“He gave me some good advice, some great recommendations as I move into my senior year of college,” Kellier said.

Kellier also took the time to buy a few souvenirs for members of his extended Siena family – though not as many as he’d like.

“I tried,” he said, “but there wasn’t enough space in my suitcase.”

“Now I have a mug of Bob Marley in the office,” said Siena head coach Carmen Masiariello, “and he gave my wife a glass and a purse.”

Back in the US, Kellier is excited about his senior season with the Saints, and Masiariello said he saw a new sense of energy in the striker, who with Siena’s revamped 2022-23 roster is likely to get more chances to play. in his more natural forward position this season rather than his smallball center role.

“He hasn’t been home in Jamaica for seven years,” Machiariello said. “And now he’s back. I think it rejuvenates you when you see some family you haven’t seen and hug your mom [that] it’s something special.”


The day before the media takes the men’s off-season on Thursday, Siena has unveiled its official roster for the 2022-23 season. That list does not include graduate student Anthony Gaines, who will not play for the Saints this coming season but will remain on a scholarship and continue to rehabilitate at Siena the knee he injured at the end of last season.

“Anthony is getting a scholarship, he will finish his studies and we will find him a professional job,” Machiariello said. “The purpose of him coming here from the Northwest was to showcase his ability to play basketball and then take him to the next stage in his career.”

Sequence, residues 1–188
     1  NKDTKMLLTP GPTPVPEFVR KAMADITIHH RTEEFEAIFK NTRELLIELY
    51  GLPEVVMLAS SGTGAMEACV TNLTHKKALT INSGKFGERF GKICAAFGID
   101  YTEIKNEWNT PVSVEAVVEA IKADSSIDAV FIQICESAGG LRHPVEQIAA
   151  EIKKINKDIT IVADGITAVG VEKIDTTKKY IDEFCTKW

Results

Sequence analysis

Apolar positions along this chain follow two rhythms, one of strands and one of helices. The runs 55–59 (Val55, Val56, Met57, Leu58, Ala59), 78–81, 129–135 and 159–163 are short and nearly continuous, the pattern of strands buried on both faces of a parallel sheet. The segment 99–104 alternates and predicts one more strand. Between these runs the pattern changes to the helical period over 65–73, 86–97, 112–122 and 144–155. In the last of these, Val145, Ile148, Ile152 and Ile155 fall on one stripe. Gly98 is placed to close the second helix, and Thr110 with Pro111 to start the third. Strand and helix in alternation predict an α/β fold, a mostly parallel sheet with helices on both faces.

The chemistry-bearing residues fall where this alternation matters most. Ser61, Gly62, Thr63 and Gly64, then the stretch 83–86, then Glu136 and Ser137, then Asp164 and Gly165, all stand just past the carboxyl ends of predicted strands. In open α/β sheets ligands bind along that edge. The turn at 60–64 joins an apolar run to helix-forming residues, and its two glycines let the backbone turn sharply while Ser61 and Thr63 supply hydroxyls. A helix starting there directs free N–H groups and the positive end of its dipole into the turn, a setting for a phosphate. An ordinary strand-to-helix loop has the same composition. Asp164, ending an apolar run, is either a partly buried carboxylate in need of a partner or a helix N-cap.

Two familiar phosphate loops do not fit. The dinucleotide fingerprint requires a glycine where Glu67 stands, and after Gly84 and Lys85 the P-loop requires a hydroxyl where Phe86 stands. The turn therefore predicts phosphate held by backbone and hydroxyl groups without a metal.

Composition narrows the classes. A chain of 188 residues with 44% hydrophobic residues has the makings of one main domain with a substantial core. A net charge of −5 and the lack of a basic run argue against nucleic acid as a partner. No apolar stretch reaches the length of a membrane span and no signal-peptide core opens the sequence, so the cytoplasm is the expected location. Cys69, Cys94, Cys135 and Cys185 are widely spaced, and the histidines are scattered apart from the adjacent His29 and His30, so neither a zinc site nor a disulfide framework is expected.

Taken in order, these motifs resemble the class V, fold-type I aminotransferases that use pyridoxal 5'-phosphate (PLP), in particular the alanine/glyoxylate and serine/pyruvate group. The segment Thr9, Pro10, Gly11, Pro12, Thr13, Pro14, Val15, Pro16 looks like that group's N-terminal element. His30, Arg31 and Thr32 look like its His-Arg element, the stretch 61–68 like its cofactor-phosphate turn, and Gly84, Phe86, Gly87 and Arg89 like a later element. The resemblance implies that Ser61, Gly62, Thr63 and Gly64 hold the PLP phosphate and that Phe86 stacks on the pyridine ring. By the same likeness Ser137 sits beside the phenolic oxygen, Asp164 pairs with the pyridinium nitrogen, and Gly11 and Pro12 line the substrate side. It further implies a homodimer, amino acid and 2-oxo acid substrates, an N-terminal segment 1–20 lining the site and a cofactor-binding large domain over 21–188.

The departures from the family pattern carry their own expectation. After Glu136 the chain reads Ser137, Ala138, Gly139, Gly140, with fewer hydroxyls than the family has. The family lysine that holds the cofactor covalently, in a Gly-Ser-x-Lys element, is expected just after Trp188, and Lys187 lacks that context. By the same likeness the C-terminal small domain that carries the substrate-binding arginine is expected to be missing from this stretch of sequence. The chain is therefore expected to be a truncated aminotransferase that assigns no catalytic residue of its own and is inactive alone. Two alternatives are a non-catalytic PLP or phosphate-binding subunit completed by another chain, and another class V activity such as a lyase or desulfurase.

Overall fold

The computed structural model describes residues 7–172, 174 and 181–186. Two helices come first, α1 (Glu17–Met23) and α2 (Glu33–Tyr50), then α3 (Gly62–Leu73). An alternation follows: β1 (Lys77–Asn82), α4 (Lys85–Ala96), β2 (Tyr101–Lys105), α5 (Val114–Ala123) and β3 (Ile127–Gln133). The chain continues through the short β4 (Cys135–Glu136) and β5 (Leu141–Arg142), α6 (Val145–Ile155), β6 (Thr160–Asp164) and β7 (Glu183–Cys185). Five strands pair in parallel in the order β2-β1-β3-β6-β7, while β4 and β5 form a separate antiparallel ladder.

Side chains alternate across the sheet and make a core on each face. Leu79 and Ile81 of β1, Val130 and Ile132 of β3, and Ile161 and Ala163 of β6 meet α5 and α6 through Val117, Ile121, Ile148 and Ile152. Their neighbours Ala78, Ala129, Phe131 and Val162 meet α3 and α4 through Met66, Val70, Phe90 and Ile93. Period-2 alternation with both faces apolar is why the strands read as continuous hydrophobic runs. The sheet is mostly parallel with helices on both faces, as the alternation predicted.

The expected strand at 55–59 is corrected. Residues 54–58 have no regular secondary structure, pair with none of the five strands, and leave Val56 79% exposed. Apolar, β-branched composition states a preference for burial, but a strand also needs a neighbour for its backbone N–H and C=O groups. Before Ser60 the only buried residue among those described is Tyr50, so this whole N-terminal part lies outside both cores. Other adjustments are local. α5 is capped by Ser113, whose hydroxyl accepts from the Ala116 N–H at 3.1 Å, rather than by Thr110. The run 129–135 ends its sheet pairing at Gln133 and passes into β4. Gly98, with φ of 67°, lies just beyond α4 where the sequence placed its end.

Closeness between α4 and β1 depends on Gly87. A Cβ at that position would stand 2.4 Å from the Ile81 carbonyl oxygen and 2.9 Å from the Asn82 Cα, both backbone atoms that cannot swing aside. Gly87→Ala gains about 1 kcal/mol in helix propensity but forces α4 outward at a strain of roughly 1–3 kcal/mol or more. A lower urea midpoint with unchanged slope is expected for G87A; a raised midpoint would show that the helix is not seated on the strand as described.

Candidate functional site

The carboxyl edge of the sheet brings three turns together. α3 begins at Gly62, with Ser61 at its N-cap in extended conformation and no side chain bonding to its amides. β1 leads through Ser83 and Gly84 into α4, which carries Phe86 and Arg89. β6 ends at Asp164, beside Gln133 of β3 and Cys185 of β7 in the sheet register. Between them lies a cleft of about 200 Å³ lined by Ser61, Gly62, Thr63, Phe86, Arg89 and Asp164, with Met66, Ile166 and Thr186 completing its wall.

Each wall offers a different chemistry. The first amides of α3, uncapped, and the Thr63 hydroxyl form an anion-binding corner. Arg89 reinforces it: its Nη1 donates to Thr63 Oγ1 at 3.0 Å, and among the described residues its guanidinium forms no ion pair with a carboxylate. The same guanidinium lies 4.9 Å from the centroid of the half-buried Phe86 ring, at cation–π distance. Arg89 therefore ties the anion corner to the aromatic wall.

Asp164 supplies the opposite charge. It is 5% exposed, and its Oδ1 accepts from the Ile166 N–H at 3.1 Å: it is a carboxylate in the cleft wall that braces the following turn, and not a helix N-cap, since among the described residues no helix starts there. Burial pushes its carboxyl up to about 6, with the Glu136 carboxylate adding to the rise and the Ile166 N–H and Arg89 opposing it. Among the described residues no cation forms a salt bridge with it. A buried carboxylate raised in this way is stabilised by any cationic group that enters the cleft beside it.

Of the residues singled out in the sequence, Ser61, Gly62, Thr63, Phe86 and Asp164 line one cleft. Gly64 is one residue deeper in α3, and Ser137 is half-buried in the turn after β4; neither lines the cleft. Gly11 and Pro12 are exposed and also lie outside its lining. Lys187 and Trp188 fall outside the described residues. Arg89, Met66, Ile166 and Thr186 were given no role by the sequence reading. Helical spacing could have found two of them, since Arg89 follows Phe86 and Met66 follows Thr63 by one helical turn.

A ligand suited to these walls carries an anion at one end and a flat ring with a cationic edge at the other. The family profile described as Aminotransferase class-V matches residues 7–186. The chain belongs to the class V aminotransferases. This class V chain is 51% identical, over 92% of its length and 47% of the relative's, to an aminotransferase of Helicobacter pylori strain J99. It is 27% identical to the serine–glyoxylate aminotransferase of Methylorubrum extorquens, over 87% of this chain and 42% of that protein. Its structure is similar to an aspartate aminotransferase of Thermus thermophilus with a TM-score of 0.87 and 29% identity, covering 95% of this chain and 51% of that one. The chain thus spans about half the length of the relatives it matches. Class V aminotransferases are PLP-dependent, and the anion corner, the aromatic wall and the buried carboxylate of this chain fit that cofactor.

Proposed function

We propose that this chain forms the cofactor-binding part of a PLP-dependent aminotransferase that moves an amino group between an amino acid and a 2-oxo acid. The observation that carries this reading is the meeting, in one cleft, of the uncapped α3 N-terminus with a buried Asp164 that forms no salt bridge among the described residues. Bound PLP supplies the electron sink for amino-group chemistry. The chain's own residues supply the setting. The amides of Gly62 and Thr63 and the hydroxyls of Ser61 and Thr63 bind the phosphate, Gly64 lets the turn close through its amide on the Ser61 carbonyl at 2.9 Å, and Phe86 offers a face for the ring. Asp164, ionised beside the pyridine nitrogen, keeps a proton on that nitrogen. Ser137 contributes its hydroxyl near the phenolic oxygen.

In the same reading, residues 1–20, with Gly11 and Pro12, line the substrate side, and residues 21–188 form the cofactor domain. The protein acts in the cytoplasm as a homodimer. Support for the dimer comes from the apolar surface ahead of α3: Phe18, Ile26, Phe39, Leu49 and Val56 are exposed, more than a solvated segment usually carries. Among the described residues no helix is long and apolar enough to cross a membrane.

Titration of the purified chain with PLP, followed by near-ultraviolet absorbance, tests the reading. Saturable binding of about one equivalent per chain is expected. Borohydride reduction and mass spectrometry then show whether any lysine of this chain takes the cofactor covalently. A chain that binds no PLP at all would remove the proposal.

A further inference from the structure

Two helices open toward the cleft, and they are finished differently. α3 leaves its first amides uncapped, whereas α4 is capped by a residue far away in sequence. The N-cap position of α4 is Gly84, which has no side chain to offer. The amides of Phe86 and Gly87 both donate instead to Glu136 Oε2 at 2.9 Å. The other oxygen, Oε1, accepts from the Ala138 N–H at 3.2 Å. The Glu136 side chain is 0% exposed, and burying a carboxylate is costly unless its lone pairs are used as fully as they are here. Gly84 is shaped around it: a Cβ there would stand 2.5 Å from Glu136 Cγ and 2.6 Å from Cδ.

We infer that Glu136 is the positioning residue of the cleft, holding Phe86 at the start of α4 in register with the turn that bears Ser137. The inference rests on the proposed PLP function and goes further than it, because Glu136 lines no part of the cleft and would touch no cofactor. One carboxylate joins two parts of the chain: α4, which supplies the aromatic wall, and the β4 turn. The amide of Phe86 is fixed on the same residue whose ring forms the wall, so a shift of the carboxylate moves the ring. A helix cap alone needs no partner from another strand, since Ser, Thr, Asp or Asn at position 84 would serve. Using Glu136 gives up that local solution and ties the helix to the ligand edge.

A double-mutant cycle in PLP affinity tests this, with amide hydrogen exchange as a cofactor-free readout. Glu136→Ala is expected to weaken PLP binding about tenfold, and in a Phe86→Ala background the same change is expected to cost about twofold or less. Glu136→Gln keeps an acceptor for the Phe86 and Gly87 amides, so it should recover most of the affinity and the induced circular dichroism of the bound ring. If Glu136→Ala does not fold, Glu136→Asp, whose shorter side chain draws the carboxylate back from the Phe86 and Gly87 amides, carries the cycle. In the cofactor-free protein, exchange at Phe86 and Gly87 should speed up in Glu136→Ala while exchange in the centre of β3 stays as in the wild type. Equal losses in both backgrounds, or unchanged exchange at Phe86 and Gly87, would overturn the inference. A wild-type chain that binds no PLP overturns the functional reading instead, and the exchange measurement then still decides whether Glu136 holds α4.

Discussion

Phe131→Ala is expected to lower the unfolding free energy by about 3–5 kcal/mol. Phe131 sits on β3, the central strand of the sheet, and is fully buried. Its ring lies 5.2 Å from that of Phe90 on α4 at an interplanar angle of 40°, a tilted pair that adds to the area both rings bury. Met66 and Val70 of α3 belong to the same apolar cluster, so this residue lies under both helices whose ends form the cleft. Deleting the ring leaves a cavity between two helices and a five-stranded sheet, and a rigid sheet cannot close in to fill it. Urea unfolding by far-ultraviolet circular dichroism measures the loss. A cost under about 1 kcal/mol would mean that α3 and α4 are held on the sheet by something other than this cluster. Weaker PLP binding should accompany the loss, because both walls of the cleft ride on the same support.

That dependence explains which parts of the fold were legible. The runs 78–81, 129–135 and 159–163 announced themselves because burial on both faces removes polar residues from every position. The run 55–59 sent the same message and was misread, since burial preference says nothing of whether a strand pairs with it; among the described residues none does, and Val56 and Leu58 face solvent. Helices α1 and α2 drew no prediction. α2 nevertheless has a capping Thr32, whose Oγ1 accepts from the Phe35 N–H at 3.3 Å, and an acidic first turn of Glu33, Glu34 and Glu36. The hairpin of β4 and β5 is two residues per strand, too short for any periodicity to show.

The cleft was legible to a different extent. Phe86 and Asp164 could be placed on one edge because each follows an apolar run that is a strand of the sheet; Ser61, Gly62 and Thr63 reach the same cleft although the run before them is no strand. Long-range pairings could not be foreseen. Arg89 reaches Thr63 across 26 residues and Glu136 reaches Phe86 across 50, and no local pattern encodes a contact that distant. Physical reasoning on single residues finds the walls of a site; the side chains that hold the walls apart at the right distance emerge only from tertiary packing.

Gaines, who worked out at the Siena gym on Thursday before the team’s players entered, was selected as a third-team All-MAAC last season. He tore his ACL in his right knee in the final game of the Siena regular season finals at Canisius and underwent surgery to repair the injury in late April.

Siena’s injury list was long towards the end of the 2021–22 season, which ended with a 15–14 record and a quarter-final loss to MAAC. These players included Jared Billups (wrist), Jace Johnson (elbow), Thailand Owens (knee) and Andrew Platek (Achilles tendon), and each is in a different stage of recovery.

Machiariello said Johnson is “totally ready” while Platek is moving closer to that status and could get full clearance as early as Monday. Owens has made “great progress. . . but he didn’t get back on the court,” while Billups said he was on track to “begin playing in two to three weeks.”

Siena has a summer trip to Italy for a series of exhibition games starting in mid-August. Most of the team’s players returned to campus on May 31 to begin summer training. The Saints’ current training session will run until the end of June, after which the team will return to campus on July 31 to begin preparations for an August 18-28 trip to Italy.

Gazette Sports editor Michael Kelly contributed to this report.